I publish my first NuGet package the other day, and I figured I'd do a short write-up of the steps involved. It's actually really easy, there are no difficult technical challenges to overcome here, nor are there challenges of any kind. So, this post is mainly meant as just a quick reference for myself, in case I decide to publish more stuff in the future.
Number one: get a NuGet account, if you don't already have one. You'll also need the NuGet command line tool, which you can get here. Put the .exe in your PATH somewhere, or just stick it in the project folder that you want to publish (next to the .csproj file).
Creating the package
Open a command prompt in the project folder that you want to publish, and call
> nuget spec
This will create the .nuspec file, and fill it with some defaults. The .nuspec file is an Xml file containing package metadata. It can contain hard-coded values, as well as tokens that will be replaced during package creation. For an overview of the replacement tokens, see the NuGet docs. My .nuspec file ended up looking like this:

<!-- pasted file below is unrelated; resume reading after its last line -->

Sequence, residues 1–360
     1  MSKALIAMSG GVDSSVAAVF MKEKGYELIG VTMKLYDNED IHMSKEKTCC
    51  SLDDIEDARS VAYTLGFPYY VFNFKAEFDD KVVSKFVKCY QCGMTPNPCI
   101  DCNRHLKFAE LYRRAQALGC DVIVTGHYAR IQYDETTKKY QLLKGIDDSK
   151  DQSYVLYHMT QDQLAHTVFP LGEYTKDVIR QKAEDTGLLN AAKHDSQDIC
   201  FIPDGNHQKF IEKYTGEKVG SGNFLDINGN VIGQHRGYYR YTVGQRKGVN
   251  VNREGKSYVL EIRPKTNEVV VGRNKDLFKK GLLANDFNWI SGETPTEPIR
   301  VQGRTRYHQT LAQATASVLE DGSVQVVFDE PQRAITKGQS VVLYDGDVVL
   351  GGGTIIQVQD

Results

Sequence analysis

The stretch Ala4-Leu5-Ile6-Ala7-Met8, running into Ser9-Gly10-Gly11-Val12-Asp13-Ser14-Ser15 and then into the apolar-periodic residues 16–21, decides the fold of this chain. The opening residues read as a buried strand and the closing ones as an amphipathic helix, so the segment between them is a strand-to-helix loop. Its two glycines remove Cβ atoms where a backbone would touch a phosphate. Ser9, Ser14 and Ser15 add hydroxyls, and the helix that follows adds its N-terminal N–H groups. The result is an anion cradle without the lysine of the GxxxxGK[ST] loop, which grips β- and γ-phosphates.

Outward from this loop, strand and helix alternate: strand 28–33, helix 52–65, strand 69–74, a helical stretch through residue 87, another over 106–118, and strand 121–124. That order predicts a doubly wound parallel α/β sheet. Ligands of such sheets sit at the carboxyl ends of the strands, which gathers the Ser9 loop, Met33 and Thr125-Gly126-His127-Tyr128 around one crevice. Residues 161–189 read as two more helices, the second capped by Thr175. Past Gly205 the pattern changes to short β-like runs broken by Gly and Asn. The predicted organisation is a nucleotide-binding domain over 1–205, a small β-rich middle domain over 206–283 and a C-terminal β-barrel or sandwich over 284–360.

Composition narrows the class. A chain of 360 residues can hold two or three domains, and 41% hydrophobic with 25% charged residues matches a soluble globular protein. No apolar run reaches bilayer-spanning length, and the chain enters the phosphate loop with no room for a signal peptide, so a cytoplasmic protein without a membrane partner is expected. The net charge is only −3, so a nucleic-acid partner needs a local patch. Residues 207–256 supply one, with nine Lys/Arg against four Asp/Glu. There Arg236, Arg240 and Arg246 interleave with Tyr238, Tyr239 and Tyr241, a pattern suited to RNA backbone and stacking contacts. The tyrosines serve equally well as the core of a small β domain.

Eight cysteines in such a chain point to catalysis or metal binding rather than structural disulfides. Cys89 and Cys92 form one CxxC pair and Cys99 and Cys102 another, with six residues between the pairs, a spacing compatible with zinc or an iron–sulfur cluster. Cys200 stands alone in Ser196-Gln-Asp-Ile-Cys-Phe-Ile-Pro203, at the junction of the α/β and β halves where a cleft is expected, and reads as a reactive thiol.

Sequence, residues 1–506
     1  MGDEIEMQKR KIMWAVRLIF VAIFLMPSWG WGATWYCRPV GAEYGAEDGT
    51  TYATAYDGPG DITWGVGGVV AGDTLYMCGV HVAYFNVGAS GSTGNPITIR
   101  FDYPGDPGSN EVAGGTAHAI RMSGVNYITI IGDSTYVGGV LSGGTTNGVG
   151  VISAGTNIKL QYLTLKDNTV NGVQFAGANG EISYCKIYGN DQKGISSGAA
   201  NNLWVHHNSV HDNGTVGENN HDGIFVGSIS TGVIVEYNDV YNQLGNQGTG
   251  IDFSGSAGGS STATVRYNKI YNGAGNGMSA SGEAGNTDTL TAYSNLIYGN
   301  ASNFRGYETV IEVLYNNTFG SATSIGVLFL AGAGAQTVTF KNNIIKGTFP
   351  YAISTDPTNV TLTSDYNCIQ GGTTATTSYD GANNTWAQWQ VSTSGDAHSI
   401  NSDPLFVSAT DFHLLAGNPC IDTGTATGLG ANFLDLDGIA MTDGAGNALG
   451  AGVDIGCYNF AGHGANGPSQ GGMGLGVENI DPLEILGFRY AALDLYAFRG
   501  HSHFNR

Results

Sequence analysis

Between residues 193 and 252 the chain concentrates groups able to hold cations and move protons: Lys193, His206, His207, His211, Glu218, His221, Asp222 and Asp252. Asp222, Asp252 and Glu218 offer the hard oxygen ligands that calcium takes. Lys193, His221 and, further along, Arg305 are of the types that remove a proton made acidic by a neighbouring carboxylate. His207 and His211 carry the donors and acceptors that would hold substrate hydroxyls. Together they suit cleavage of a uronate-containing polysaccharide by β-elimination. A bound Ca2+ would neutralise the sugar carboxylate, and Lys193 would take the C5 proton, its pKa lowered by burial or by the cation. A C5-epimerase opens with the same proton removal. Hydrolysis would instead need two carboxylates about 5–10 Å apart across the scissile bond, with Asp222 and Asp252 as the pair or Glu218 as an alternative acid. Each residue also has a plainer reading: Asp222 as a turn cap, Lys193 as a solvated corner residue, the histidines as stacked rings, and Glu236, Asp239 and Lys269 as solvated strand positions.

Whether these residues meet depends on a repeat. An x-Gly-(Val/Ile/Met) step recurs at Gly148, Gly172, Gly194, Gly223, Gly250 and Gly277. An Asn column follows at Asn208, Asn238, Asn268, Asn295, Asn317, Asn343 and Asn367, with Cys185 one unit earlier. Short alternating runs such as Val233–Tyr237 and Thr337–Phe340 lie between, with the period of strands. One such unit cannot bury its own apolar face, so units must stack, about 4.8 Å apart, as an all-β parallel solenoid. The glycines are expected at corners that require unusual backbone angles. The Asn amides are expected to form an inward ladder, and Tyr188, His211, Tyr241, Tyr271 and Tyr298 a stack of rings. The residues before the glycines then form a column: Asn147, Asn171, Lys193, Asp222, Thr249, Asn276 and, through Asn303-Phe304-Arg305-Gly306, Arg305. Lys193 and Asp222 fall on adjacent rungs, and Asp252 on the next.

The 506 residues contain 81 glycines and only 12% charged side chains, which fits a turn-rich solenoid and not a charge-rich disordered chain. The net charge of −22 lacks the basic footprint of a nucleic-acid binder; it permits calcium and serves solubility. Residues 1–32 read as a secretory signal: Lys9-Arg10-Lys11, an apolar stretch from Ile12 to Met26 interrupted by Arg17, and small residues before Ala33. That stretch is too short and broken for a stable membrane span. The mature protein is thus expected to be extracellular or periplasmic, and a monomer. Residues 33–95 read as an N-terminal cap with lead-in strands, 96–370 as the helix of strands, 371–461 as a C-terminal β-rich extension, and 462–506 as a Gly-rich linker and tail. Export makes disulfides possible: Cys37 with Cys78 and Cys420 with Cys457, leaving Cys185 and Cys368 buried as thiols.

<?xml version="1.0"?> <package > <metadata> <id>$id$</id> <version>$version$</version> <title>$title$</title> <authors>$author$</authors> <owners>b-w</owners> <licenseUrl>https://github.com/b-w/Blazer/blob/master/LICENSE.txt</licenseUrl> <projectUrl>https://github.com/b-w/Blazer</projectUrl> <requireLicenseAcceptance>true</requireLicenseAcceptance> <description>$description$</description> <copyright>$copyright$</copyright> <tags>SQL ADO.NET data-access ORM micro-ORM object-mapper</tags> </metadata> </package>
The owner tag contains my NuGet account name. I also entered project- and license URLs, and some relevant tags. The remaining values come from my project's assembly information. I changed the assembly properties to use fixed versioning, instead of having the build- and revision numbers autogenerate.
After creating the .nuspec file, I built the project in release mode from Visual Studio. I then called
> nuget pack Blazer.csproj -properties Configuration=Release
This generates the .nupkg file. This file is then uploaded to the NuGet gallery, and we're done. That's all it takes to publish a NuGet package.